I would add a conjecture that ID/creationists also lump both of these claims together, and prefer “ghost in the machine” explanations. This is significant to me, because I see that entire line of “reasoning” as not only wrong, but potentially damaging to progress in some of the most exciting areas being opened up in science. It is not just a rejection of evolution, but a failure to appreciate any emergent progress and an insistent on the ignorant assumption that complex things never appear from simple things but can only be attributed to some kind of unspecified spookery.

  17. #17 PaulC
    July 31, 2006

    Sorry, got distracted when proofreading:

    “by inself” should be “by itself”

    The last sentence should say: “[ID/creationism] is not just a rejection of evolution, but a failure to appreciate any emergent process and an insistence on the ignorant assumption that complex things never appear from simple things but can only be attributed to some kind of unspecified spookery.”

  18. #18 Scott Hatfield
    August 1, 2006

    Actually, Paul, I think as you’ve developed the idea here you’ve made my point for me. I agree that IDevotees and other creationists lump both of those claims together; it’s precisely to forestall that linkage that I try to avoid ascribing anything like intelligence to evolution proper.

    Even though there is a sense that is true, it’s not helpful. From there it’s a small step to that lazy metaphorical language where Evolution wants this or that, and it looks as if we’re talking about a succedaneum for deity. We aren’t, of course, but if you were in my high school classroom you would appreciate why I want to go out of my way to avoid that usage. I wouldn’t try it in an introductory bio college course, either. Your argument as phrased is too clever, and requires more understanding that the students are likely to possess, and in the process might be misunderstood in a way that it isn’t helpful. Just my opinion, for what it’s worth.

    I am very glad, though, that I had the chance to see you develop the analogy. Or is it an analogy? Perhaps, at the deepest level, it shows the beginning of a pattern, the sort of pattern we would expect if brains are the product of evolution. With that in mind, I’m wondering what you think about Conway-Morris’s claim that convergence toward something like the human mind is probable?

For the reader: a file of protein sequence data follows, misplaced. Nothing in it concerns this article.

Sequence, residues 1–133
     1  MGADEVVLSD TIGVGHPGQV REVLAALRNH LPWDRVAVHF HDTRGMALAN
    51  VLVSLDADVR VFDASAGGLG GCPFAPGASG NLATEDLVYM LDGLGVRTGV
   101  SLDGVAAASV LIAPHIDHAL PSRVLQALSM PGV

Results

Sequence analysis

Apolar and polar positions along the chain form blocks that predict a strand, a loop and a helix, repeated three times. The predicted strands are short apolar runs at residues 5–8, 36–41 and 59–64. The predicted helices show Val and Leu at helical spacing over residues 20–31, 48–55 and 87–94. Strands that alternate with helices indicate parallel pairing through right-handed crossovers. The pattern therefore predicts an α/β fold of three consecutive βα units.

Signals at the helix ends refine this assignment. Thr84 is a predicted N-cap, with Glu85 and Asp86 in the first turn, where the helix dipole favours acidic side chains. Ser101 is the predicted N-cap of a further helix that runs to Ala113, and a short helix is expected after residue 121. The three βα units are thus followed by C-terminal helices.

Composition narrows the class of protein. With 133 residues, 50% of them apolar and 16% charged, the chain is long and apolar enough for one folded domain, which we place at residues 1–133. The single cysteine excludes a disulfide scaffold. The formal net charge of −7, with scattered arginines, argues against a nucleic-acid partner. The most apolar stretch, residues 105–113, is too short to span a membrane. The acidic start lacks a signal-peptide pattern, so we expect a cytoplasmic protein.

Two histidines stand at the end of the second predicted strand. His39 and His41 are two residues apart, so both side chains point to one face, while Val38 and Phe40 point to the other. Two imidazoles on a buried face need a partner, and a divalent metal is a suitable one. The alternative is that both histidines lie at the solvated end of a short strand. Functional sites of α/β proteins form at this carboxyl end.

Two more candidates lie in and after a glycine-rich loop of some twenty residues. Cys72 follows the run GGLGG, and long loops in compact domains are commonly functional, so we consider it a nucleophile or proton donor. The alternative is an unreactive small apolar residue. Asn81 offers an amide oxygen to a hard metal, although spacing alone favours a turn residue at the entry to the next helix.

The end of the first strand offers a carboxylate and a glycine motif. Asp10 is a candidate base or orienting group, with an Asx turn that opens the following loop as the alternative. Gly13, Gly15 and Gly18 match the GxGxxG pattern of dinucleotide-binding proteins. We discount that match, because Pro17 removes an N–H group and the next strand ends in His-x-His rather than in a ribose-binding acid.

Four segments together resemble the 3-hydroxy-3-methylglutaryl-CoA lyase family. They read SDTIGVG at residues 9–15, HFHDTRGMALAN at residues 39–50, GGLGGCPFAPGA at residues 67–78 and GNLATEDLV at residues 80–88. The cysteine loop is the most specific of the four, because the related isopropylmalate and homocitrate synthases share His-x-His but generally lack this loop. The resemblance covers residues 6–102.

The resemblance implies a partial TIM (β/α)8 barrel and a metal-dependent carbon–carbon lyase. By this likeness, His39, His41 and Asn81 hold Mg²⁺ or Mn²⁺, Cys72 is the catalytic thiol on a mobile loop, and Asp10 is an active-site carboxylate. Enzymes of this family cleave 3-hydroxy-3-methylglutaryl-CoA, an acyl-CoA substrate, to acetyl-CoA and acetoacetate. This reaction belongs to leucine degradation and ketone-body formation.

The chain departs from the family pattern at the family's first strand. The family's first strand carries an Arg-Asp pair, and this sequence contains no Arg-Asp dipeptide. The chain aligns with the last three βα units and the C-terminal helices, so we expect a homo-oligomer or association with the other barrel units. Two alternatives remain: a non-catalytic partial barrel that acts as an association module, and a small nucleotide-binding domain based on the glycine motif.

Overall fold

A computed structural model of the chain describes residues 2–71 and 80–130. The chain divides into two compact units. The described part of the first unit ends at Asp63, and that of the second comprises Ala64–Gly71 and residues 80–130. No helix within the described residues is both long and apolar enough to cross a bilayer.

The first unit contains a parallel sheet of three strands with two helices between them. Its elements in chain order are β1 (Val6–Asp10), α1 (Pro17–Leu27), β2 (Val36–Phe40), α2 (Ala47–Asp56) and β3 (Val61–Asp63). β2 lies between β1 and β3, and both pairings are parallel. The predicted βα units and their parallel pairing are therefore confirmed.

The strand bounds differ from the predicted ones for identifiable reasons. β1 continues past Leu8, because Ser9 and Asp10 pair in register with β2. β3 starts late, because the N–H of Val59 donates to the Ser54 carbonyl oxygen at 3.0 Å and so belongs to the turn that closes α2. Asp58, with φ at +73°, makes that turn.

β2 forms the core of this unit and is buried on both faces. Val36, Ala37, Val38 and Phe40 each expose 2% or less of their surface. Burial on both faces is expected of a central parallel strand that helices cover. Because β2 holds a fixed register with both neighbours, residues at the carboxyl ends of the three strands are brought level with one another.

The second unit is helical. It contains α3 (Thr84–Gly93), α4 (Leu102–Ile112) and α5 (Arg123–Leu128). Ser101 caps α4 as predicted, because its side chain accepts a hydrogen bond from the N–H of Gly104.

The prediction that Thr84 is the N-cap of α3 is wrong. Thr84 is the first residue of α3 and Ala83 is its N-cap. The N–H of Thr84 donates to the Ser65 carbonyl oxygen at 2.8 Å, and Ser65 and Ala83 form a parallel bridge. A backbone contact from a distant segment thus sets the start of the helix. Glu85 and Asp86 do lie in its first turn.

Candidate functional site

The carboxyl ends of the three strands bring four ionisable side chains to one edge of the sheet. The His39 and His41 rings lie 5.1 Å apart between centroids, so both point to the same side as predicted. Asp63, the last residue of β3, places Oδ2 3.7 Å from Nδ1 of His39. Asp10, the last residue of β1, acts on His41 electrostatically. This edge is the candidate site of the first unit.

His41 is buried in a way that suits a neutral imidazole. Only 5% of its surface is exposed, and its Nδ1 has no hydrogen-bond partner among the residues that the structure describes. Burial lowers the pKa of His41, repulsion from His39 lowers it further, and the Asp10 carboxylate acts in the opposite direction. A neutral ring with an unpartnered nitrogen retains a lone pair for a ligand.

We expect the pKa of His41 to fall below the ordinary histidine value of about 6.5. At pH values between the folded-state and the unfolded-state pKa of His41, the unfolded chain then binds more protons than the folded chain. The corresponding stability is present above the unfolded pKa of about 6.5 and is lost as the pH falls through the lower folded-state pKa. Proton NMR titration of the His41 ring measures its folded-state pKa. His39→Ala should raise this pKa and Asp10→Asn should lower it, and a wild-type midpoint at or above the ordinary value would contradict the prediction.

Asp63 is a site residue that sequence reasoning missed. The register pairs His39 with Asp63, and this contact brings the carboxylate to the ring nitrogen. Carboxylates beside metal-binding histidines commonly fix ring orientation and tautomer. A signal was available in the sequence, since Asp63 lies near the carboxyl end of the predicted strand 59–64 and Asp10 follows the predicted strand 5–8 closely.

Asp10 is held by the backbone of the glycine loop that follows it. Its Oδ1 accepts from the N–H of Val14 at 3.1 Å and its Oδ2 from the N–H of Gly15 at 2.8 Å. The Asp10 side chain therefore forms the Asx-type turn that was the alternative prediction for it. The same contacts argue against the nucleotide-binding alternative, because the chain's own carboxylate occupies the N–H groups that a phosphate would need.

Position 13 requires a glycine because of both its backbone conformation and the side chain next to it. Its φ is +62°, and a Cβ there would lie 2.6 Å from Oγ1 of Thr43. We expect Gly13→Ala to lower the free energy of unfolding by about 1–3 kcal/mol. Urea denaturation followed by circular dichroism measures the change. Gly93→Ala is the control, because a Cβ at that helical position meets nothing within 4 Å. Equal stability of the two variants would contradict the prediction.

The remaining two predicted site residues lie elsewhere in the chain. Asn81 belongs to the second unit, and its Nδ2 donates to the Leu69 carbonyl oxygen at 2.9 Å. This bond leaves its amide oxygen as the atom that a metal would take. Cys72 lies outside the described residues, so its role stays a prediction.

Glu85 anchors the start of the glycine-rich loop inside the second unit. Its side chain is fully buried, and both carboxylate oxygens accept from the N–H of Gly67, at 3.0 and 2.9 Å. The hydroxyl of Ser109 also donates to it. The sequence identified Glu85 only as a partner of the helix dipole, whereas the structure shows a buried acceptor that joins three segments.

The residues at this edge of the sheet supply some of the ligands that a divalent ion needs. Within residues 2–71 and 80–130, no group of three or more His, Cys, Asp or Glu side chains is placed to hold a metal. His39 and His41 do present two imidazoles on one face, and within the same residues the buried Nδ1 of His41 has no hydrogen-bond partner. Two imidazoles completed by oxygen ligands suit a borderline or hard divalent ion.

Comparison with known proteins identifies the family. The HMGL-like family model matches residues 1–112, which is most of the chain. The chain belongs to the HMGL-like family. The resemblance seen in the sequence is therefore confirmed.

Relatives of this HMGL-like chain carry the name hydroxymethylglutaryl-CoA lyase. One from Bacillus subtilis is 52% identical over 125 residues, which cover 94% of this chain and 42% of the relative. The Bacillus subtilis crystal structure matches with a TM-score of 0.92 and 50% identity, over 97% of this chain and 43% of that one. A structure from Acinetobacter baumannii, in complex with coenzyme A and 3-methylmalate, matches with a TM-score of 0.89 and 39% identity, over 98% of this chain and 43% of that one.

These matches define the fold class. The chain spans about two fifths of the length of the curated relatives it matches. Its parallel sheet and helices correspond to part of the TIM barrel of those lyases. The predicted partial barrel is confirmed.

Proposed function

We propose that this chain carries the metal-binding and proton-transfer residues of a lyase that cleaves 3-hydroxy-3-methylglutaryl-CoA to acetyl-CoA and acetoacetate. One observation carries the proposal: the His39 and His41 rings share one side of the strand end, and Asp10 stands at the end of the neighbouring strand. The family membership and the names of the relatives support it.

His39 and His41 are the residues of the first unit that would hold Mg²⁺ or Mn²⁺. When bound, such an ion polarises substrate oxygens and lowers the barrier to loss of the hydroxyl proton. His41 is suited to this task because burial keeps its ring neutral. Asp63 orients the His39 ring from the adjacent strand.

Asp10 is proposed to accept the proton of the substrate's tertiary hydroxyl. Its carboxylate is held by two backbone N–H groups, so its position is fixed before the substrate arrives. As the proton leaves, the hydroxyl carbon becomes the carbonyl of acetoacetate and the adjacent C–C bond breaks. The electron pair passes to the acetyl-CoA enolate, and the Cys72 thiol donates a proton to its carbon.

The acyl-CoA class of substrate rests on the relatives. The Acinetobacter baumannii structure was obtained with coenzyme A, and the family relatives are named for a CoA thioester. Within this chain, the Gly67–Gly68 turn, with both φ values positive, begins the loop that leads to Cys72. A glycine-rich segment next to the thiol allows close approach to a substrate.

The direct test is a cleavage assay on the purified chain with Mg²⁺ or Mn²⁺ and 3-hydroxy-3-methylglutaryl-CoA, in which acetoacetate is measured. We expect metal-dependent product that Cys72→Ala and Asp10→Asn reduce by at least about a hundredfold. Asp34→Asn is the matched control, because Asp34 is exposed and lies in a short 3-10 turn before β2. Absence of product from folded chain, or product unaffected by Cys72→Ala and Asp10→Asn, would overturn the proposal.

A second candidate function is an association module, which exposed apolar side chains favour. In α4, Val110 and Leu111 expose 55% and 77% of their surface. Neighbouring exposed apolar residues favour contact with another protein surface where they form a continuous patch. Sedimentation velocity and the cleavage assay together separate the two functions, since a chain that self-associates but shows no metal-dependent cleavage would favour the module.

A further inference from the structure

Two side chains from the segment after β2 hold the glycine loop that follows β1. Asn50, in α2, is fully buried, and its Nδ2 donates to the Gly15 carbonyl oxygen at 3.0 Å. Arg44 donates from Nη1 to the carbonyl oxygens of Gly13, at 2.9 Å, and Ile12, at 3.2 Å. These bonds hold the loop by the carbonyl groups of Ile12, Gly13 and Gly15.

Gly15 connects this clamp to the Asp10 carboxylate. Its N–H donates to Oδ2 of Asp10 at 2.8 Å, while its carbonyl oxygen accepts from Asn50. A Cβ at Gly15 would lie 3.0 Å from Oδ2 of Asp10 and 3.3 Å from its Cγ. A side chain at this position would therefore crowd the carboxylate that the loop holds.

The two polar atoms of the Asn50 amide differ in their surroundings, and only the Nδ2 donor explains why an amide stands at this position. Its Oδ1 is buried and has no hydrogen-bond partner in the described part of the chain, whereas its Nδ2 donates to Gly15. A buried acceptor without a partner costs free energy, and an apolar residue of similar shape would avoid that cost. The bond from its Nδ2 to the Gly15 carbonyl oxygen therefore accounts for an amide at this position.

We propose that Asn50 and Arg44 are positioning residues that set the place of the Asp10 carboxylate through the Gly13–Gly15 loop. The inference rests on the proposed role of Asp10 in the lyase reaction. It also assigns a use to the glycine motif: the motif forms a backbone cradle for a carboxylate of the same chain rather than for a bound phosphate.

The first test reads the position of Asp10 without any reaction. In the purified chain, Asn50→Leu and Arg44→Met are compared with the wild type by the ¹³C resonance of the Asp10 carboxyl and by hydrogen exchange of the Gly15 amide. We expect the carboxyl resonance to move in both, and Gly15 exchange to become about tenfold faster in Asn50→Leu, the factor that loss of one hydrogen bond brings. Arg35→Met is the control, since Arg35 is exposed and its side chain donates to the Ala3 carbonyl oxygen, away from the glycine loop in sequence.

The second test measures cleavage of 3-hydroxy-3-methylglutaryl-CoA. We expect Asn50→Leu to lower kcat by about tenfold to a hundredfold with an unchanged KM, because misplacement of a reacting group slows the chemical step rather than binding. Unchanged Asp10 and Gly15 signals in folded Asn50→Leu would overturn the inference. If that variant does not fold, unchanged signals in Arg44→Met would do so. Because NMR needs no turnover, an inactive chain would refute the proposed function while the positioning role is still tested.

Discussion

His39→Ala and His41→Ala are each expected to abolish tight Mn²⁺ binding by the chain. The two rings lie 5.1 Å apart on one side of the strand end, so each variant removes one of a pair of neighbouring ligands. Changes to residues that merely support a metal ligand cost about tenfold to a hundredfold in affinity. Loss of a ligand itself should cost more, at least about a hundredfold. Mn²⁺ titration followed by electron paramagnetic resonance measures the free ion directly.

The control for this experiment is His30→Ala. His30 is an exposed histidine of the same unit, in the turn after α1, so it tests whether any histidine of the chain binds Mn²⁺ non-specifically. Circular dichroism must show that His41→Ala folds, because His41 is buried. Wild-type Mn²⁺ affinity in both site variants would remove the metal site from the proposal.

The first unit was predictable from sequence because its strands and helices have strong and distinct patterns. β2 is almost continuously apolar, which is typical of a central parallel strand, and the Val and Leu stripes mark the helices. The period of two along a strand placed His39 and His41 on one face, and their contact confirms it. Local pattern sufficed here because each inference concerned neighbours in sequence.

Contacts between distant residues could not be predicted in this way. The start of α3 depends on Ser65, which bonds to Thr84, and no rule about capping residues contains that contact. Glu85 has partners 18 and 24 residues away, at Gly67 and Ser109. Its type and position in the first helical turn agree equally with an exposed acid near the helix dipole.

Thanks again…Scott

  19. #19 Alex Clarke
    August 1, 2006

    Paul, I very much like your line of thought, especially that last paragraph, which has helped me to a conclusion that I have been working towards for a few weeks now. It seems to me that one of the biggest problems is that IDevotees have no appreciation for the idea of emergence. Indeed most of them ignore it altogether.
    In a way this is not surprising, as it is very difficult to grasp emergence. It is the slipperyest of concepts in science, and is poorly understood by the general public.
    In contempory scientific understanding, chemistry is an emergent property of physics, and biology is an emergent property of chemistry (to simplify things somewhat).
    Methodological naturalism has no need for supernatural explanations, it is simply accepted that a bunch of agents on one level can produce novel results on the level above. But to many people this just seems like magic, or the hand of God.
    Perhaps by increasing awareness of emegence as a perfectly rational, natural phenomenon, people will be less inclined to invoke God to explain the beauty and harmony of complex stuff like life? Or maybe this is too much to hope for?

  20. #20 PaulC
    August 1, 2006

    Scott: You might be right about what to teach in high school. I think it would depend on the individual student.

    But I still wonder if you think that ascribing intelligence to the human brain puts us in danger of “supernaturalizing it”? I can think of two reasonable answers. One is that most people already supernaturalize the brain even if they shouldn’t, so it is bad to use it as a basis for comparison. The other is that by “supernaturalizing” evolution, you just meant ascribing intent to it even if that intent would still be a consequence of natural laws. I think both are reasonable concerns, but I’m curious if I’m following you.